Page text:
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Legislative Assembly for the ACT: 2008 Week 06 Hansard (Friday, 27 June 2008) . . Page.. 2325 ..


continues in this year’s budget with the provision of a quarter of a million dollars. The money will provide a continuation of installation of dual-flush toilets, water-saving shower heads and a range of other water-saving measures within public housing properties. I commend this section of the budget to the Assembly.

Proposed expenditure agreed to.

Proposed expenditure—part 1.5—Department of Justice and Community Safety—$183,479,000 (net cost of outputs), $53,479,000 (capital injection), $127,664,000 (payments on behalf of the territory), totalling $364,622,000

MR STEFANIAK (Ginninderra) (10.19): I have been waiting with bated breath for two days for this. Firstly, I must say I have been a little bit concerned to see the length of time it has taken for some of the questions taken on notice to actually get answered. Normally, I think that it is meant to be about two or three days. In some instances, there are still a couple of questions which have not been answered. It has taken anything up to about a month. I would like to put on record my concern in relation to that. That is not something that I have actually seen terribly much of in the past; normally, they have been answered a lot quicker.

There are a few specific areas. I am pleased to see that the budget provides for some additional liquor inspectors in the Office of Regulatory Services. That increase in resources will enable some increased inspections, I understand about 160 a year, of licensed premises. That may go some way to averting some of the problems with street offences that are prevalent in certain areas of the city, although I do think that in itself will be only a drop in the bucket and will not improve the situation much.

There is also this issue: is this the best way of doing it? The industry and, indeed, most of the people I speak to in the AFPA seem to believe that liquor licensing is something best left to the police. And the police do have a big role in it. Indeed, in the trouble spots at night, it is the police who actually do most of the inspections. It is somewhat unreasonable, I think, for the public service employees, who simply are not trained the way the police are to handle trouble, to do it.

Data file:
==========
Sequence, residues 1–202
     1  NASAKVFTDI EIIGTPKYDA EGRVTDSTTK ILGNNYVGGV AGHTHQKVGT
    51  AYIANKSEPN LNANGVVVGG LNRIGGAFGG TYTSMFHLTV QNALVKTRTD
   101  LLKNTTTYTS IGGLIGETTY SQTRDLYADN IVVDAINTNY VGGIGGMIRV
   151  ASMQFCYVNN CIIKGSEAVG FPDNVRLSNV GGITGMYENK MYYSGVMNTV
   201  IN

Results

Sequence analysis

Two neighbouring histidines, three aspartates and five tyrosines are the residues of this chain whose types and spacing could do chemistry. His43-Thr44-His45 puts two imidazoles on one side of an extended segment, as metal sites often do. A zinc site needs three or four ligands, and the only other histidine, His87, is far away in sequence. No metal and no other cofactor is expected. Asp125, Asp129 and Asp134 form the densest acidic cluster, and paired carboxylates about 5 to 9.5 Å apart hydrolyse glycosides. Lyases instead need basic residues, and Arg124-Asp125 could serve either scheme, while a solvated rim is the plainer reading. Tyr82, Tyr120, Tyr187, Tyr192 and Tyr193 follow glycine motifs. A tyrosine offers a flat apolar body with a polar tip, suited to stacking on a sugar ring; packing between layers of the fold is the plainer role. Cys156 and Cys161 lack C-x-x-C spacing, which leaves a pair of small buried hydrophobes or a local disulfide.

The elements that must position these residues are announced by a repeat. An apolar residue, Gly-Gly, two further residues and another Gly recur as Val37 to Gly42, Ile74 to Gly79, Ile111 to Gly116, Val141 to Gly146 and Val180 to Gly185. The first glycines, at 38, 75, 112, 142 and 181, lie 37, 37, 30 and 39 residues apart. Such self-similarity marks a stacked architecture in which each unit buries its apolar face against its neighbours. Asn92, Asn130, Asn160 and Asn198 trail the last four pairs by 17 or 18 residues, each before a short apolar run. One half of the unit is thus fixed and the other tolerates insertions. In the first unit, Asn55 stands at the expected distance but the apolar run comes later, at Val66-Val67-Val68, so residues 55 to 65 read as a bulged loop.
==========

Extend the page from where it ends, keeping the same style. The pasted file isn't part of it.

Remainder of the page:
In fact, there have been instances in the past, over the years, where they basically had their heads punched in by unruly patrons if they actually went out and did it. Hence, I think there is a real need to actually listen to industry to improve the ways we actually do our liquor inspections. And I think there is a strong case for that to be given back to the police.

In terms of the problems we actually see in relation to the consumption of liquor, I think an increased police presence, education programs for both the public and the trade, as well as sensible laws relating to street offences, are needed to have an effective impact on these problems. Whilst I welcome a couple of additional liquor inspectors, I think there is a lot more the government needs to do. They have only recently announced a liquor review.

What concerns me about the government’s approach to this particular problem, the problem of violence in Civic, Manuka, Kingston and other areas, is the amazingly


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